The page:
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    Review: Hive

    January 13, 2015

     
    Hive is a two-player strategy game in which players take turns moving or placing five different types of hexagonal bug pieces in an effort to surround the opposing Queen Bee, all while preventing their opponent from doing the same. Each bug has a different way of moving: grasshoppers leap over one row of bugs to land the other side; beetles can climb one space on top of another bug, pinning the those beneath them, etc. There is no board, only the tableau of a hive created by the hexagonal pieces touching each other, which highlights an additional very important limitation to movement: players cannot break the hive with their movement in any situation. If moving your Queen Bee would isolate your opponent’s Soldier Ant, you cannot do so and your Queen Bee must not move again until the hive changes to a form that would allow her to do so. The hive also grows over the course of the game as players add more pieces to it. These additional pieces can only be placed next to an existing friendly piece and not touching any enemies, and this replaces the movement of a bug already in the hive as a player’s turn.

    Hive is similar to Chess in its strategy, requiring players to plan out moves several turns in advance, rewarding those who can out predict and outmaneuver their opponent. The key difference is the constantly-changing nature of the board, which provides an excellent degree of replayability. As well, as pieces are never removed from the hive, pinning your opponent’s pieces and using them to help surround your opponent’s Queen Bee is integral to good strategy.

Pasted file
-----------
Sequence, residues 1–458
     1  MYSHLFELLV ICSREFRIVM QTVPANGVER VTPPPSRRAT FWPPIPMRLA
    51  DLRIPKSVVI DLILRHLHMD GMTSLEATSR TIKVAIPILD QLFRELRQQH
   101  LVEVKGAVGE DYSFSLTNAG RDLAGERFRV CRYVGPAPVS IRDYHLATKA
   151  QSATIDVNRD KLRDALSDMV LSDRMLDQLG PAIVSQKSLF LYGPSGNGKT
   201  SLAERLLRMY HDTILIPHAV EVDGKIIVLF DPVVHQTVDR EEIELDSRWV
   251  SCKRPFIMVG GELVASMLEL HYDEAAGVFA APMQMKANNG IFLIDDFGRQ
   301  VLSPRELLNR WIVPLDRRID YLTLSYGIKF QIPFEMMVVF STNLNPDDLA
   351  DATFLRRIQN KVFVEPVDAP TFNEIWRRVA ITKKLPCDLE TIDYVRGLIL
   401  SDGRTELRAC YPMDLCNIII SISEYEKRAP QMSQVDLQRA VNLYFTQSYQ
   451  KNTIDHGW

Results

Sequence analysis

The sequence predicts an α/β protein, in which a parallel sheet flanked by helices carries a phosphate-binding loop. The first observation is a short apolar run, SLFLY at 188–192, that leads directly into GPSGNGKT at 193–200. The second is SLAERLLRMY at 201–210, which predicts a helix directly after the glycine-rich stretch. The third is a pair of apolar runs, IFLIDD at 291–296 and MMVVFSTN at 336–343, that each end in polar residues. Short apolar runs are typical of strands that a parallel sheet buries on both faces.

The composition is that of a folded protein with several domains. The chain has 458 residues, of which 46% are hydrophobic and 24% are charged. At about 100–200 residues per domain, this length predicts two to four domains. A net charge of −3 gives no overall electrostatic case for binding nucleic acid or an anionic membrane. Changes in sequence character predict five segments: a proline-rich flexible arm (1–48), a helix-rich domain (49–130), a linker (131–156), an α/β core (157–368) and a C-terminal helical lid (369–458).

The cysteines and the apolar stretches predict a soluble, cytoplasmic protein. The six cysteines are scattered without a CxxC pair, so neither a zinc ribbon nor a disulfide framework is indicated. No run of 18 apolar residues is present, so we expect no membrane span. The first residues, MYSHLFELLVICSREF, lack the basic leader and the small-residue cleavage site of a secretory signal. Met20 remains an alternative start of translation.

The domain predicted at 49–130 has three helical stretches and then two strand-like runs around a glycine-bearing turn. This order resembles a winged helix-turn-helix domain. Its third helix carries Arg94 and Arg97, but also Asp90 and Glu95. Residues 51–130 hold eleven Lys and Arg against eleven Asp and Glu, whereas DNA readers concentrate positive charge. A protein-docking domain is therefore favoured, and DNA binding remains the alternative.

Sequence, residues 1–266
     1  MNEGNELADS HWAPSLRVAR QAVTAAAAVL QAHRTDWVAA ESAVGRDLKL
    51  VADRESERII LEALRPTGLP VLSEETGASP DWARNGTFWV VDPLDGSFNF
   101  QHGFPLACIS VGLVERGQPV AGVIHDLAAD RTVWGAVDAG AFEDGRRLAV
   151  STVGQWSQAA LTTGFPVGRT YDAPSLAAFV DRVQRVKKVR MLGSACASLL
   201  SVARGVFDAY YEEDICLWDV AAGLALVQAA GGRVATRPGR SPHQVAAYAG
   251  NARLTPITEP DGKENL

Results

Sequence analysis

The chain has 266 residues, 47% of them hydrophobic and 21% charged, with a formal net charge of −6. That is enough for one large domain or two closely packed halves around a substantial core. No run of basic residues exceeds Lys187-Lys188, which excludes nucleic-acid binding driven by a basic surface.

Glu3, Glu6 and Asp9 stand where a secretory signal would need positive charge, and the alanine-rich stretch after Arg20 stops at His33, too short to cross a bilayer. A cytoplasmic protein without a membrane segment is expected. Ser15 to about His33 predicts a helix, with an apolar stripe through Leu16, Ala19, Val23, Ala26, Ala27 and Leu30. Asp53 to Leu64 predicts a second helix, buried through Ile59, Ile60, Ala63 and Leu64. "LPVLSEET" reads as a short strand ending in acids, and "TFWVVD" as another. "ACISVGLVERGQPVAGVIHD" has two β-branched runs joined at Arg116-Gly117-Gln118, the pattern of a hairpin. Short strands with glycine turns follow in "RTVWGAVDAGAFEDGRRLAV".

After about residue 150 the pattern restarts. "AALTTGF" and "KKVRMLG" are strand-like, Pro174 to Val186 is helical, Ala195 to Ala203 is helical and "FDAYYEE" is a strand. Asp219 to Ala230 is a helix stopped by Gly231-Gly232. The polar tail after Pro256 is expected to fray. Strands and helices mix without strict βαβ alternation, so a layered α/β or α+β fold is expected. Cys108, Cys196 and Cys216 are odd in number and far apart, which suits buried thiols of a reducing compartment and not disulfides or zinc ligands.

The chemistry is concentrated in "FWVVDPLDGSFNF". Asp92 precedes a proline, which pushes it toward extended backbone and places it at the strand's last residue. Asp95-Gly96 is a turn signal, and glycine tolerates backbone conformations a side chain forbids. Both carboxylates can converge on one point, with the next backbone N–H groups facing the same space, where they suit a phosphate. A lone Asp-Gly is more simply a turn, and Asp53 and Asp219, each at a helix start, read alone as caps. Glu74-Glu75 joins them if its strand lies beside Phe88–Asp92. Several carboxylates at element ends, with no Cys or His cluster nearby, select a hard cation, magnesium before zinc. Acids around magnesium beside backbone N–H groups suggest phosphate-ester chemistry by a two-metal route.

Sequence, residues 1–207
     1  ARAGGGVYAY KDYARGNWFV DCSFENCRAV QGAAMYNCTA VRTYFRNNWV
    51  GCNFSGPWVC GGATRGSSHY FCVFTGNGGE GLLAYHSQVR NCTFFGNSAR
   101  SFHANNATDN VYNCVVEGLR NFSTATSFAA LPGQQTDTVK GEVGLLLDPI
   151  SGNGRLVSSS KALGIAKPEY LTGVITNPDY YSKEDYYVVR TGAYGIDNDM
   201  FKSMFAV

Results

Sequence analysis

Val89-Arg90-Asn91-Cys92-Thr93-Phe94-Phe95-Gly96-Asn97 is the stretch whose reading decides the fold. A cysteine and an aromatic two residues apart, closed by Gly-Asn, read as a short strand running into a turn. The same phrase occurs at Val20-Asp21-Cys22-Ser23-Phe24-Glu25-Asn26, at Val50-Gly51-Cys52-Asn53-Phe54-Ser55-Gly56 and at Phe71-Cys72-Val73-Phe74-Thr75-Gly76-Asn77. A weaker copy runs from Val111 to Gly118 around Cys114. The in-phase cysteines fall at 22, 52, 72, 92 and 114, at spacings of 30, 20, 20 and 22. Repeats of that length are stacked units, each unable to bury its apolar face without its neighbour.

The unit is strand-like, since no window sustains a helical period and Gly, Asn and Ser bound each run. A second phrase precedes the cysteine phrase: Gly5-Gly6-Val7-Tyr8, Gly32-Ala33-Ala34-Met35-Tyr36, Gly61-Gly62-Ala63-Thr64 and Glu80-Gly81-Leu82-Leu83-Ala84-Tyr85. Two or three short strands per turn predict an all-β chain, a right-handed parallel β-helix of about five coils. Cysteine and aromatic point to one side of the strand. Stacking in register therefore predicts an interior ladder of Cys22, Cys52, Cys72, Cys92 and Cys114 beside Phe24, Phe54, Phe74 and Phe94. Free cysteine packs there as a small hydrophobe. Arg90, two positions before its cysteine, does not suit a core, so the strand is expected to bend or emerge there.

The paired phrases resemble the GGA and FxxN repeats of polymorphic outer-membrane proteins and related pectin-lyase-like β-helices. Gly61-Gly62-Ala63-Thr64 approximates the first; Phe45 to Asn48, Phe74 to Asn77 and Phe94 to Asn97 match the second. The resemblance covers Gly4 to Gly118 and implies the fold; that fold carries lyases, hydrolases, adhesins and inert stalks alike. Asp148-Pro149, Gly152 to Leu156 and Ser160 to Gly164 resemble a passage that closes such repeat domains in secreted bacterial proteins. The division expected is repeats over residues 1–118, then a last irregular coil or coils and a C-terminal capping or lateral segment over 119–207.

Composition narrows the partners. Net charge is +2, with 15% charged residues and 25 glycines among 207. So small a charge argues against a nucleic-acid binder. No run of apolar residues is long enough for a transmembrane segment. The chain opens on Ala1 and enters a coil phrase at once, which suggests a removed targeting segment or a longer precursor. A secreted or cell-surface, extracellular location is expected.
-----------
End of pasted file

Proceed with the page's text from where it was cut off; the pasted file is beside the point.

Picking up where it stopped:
This is a game with no randomness at all; only your wits against your opponent’s as you pick from a vast array of movement and placement choices each turn. I love this element in board games, as it means I will never just be dealt a bad hand and then suffer for it. The breadth of choices and lack of randomness in Hive is one of the things that makes it truly great.
     

     
    There are several expansion packs available (each with a new bug), which add even more depth to the strategy as new types of pieces are added into the mix. The Mosquito expansion gives players a versatile bug that takes on the abilities of any other bugs it’s touching. The Ladybug moves similar to a knight in Chess, crawling over the top of other pieces to drop down behind them. The latest expansion – the Pill Bug – has the ability to bump other pieces rather than move itself. There’s also the Carbon edition, featuring all black-and-white pieces, and Hive Pocket with extra-small pieces that are easy to travel with. Truthfully, though, all editions are very portable and even come in a nice, sturdy zip-pouch so you can take the fun on the road.

    Hive is an excellent strategy game for two players, short enough and simple enough to be considered a casual game, but with complex tactics that force players to think about every move twice. It must also be said that the form-factor of the game is gorgeous: the tiles are heavy acrylic and wonderful to move around – as long as you’re not afraid of bugs!
     

    -Jake

     
    If you like: Chess, Gobblet, Go
    You’d definitely enjoy: Hive
    MRP: $32.99
    Designer: John Yianni
    Produced by: SmartZone